The government collected a tax surplus of NIS 1.8 billion in March, bringing the surplus for the year thus far to NIS 7.9b., more than double the NIS 3.7b. collected in the first quarter of 2005.
The surplus was attributed to lower spending levels in government ministries, while tighter budgetary restraints built into the law cut NIS 9.1b. in spending during March, compared to previous years. Total spending for the quarter was NIS 3b. less than the average for the period, according to the Ministry of Finance.
Because the government was operating without an approved budget for the first three months of the year, spending was limited by law to one-twelfth of the entire budget for the previous year.
Government spending was very tightly watched during this period, the Finance Ministry said, and no more than NIS 66.8b. was spent during that period. It also noted that exceptionally high debts paid during the period left only NIS 33.7b. of that amount for ministry expenditures.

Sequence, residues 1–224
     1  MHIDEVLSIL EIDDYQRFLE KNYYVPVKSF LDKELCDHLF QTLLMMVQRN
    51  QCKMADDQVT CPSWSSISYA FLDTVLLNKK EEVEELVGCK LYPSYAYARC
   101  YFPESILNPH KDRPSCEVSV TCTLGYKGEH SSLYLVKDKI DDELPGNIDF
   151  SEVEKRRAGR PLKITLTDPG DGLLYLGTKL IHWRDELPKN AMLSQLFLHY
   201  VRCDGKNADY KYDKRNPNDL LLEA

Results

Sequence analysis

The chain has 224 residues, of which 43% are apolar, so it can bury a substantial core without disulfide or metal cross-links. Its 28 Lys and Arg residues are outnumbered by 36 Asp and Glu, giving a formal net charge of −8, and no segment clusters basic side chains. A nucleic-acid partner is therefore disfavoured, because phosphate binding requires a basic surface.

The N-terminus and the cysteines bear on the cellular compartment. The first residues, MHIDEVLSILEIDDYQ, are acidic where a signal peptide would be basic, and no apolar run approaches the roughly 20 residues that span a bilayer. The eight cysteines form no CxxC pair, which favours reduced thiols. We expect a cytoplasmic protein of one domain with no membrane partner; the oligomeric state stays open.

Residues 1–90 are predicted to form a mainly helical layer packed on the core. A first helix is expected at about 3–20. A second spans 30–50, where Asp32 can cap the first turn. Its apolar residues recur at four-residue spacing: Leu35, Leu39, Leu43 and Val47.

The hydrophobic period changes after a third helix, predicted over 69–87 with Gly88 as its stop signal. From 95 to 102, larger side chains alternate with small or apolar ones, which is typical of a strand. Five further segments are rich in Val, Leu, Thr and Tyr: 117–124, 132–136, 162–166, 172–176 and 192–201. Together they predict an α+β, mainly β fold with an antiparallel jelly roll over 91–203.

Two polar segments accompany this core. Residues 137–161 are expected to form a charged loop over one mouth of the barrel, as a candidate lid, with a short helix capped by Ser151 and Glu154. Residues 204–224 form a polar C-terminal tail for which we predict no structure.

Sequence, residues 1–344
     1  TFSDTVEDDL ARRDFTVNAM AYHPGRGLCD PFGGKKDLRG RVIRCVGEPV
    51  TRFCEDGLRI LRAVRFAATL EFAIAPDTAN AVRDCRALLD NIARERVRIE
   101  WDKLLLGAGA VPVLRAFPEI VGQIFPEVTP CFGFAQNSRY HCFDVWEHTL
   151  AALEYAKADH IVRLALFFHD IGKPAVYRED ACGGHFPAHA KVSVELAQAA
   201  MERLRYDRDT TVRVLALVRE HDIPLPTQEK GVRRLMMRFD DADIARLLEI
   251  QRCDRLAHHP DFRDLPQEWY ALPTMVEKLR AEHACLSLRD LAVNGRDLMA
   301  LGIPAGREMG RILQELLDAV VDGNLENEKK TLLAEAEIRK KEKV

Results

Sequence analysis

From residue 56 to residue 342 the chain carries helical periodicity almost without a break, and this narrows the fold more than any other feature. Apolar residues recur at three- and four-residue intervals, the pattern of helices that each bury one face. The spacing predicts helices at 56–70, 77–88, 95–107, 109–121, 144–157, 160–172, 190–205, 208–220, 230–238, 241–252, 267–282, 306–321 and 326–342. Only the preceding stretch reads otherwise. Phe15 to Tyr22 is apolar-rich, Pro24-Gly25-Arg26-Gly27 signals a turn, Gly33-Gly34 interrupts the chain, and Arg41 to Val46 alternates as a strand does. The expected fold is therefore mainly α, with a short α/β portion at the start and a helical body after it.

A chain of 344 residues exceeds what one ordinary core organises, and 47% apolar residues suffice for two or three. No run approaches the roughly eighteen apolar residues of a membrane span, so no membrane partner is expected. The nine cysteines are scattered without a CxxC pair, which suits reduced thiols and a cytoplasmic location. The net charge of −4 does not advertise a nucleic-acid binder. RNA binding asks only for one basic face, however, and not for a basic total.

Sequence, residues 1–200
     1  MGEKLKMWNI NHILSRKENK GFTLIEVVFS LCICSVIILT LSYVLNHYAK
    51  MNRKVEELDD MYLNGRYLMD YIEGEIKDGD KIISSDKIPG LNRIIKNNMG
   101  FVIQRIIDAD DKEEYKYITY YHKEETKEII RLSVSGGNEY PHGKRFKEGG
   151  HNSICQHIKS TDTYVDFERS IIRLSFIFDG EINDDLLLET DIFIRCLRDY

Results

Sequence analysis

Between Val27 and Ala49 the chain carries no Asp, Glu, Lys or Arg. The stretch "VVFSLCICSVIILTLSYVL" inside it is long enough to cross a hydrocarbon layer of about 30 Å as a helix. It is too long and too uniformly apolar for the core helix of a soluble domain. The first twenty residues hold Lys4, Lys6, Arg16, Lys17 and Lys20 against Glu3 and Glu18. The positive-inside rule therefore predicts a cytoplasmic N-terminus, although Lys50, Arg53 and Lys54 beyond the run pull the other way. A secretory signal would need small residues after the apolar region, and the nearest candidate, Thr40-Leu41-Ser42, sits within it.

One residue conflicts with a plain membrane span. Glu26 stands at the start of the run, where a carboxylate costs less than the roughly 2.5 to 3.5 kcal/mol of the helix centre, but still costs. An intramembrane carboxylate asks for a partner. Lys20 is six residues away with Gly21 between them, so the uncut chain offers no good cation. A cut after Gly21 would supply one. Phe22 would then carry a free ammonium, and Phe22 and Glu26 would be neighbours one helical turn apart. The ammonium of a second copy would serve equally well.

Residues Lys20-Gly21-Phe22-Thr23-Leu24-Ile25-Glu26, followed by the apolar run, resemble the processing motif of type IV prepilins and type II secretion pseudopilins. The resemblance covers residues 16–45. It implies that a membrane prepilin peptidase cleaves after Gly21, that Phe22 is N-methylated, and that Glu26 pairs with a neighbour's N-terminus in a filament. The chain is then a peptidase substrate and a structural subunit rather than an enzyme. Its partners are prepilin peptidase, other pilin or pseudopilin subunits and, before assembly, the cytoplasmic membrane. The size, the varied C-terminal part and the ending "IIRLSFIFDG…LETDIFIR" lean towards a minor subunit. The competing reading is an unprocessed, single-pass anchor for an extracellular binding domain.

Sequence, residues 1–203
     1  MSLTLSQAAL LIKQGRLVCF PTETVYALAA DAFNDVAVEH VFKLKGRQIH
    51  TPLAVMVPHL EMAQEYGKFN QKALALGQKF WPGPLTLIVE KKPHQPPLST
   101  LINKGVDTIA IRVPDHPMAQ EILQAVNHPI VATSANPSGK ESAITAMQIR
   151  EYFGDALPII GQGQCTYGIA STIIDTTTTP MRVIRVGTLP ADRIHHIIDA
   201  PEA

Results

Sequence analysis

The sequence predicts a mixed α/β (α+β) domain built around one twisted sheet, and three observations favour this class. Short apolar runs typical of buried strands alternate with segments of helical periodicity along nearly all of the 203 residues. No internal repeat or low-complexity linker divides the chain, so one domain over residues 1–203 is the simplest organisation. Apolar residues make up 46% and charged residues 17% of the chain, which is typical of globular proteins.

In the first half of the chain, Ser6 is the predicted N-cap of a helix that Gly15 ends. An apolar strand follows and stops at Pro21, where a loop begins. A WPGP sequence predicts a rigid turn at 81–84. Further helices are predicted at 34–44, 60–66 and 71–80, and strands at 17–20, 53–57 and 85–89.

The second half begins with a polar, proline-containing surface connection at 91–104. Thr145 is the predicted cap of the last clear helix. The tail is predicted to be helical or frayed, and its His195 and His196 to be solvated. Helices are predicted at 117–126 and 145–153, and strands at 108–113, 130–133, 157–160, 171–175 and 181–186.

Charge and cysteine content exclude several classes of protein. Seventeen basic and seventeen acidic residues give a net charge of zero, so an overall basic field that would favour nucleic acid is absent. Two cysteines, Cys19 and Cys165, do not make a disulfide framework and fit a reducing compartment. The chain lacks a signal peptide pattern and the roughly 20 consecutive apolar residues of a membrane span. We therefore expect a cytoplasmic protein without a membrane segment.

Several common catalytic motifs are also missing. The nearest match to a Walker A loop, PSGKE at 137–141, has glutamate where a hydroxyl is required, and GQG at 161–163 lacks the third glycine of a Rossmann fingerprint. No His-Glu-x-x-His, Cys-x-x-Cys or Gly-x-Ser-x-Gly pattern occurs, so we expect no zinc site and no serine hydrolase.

Due to the surplus, the accountant-general has decided that no government bonds would be issued in April or May, and that June offerings would be no more than NIS 1.5b.
Government financing delivered a net deficit of some NIS 10b. in March, and a NIS 8b. deficit for the first three months of the year. That despite the privatization of Israel Discount Bank, which brought in about NIS 1b. to the state's coffers.
The country had a surplus of NIS 1.4b. in funds for local uses in March, and an NIS 8.4b. surplus for the first quarter. For overseas operations, it posted a NIS 500 million surplus for March, but a deficit of the same amount for the whole of the first quarter.
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